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Cultural heritage, ethics and contemporary migrations / edited by Cornelius Holtorf, Andreas Pantazatos and Geoffrey Scarre.

Contributor(s): Holtorf, Cornelius, 1968- | Pantazatos, Andreas | Scarre, Geoffrey [editor.].
Publisher: Abingdon, Oxon ; New York, NY : Routledge, c2019Description: xii, 256 pages : illustrations ; 24 cm.ISBN: 9781138788220; 9781138788213.Subject(s): Cultural property | Cultural pluralism | Emigration and immigration -- Social aspects | ArchitectureDDC classification: 363.69
Contents:
Cultural heritage, minorities and self-respect / Jonathan Seglow -- Ancient places, new arrivals and the ethics of residence / Paul Gilbert -- Foreign and native soils: migrants and the uses of landscape / Robert Seddon -- Changing demographics in Northern Europe: transforming narratives and identifying obstacles: a case study from Oslo, Norway / Christopher Prescott -- Lasting value: engaging with the material traces of America's undocumented migration "problem" / Jason De Léon and Cameron Gokee -- Concord's migrations / Ivan Gaskell -- Affiliative reterritorialization: the Manco Capac statue and the Japanese community in Peru / Helaine Silverman -- Heritage, participant perspective epistemic injustice, immigrants and identity formation / Andreas Pantazatos -- What is cross-cultural heritage: challenges in identifying the heritage of globalized citizens / Laia Colomer and Cornelius Holtorf -- The uses of heroes: justice, Alexander, and the Macedonian naming dispute / Michael Blake -- Archaeological heritage and migration: well-being, place, citizenship and the social / Marga Diaz-Andreu -- "Everyone's different but we are all the same": a transcultural project in a multicultural class / Cynthia Dunning -- The "place" of the migrant: heritage in the transnational space of a Sydney park / Denis Byrne -- Sharing history: migration, integration and a post-heritage future / Johan Hegardt.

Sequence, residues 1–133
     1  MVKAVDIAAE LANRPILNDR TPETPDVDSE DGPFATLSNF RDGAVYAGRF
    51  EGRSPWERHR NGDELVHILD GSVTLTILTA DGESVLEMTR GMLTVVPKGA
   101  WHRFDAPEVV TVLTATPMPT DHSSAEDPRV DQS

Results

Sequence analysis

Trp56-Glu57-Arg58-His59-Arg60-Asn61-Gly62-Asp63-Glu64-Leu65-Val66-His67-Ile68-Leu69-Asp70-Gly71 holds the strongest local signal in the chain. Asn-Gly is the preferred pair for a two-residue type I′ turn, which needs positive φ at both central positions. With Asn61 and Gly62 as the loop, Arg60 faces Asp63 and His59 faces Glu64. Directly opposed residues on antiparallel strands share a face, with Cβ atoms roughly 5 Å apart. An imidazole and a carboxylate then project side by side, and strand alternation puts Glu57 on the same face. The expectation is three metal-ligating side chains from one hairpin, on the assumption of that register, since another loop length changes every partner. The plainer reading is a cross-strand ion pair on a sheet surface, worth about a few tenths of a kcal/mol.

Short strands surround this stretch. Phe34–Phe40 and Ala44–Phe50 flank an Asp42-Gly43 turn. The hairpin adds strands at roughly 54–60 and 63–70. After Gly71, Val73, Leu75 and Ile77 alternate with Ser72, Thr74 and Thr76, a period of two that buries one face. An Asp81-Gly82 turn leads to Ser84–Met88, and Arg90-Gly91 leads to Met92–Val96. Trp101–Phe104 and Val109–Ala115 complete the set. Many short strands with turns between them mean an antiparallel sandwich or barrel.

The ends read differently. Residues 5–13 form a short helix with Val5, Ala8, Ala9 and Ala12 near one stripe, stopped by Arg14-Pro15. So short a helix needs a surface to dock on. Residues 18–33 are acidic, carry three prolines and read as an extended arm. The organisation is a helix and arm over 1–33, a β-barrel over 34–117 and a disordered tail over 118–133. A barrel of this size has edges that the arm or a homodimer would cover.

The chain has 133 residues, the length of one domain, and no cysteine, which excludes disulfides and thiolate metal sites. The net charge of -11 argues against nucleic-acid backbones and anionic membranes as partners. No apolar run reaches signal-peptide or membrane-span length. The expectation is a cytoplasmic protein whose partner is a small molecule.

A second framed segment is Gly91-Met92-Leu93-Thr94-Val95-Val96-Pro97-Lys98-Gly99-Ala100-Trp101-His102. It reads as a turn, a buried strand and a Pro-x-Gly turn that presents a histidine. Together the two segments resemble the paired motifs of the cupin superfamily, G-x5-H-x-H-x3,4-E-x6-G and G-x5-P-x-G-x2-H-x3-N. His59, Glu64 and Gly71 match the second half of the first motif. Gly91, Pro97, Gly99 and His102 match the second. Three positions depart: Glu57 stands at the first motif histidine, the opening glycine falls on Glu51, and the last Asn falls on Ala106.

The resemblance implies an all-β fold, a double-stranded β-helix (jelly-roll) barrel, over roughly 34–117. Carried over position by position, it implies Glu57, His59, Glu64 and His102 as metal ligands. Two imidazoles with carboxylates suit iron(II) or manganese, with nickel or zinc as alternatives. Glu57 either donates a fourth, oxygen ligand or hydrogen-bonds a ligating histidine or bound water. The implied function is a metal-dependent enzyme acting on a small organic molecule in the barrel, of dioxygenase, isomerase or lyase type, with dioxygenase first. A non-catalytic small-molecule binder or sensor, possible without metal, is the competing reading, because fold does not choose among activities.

Summary: "Cultural Heritage, Ethics and Contemporary Migrations breaks new ground in our understanding of the challenges faced by heritage practitioners and researchers in the contemporary world of mass migration, where people encounter new cultural heritage and relocate their own. The volume focuses particularly on issues affecting archaeological heritage sites and artefacts, which help determine and maintain social identity, a role problematised when populations are in flux as a result of immigration. This diverse and authoritative collection brings together international specialists to discuss socio-political and ethical implications for the management of archaeological heritage in global society. The authors come from a range of disciplinary backgrounds and include archaeologists, philosophers, cultural historians and custodians of cultural heritage. The result is a rich mix of contrasting yet complementary viewpoints and approaches. Among the topics discussed are the relations between culture and identity; the potentialities of museums and monuments to support or subvert a people's sense of who they are; and how cultural heritage has been used to bring together communities containing people of different origins and traditions, yet without erasing or blurring their distinctive cultural features. This book is a crucial text for archaeologists, curators, policy-makers and other workers in the heritage field, as well as for archaeologists, philosophers, political scientists and other readers interested in the links between immigration and cultural heritage"--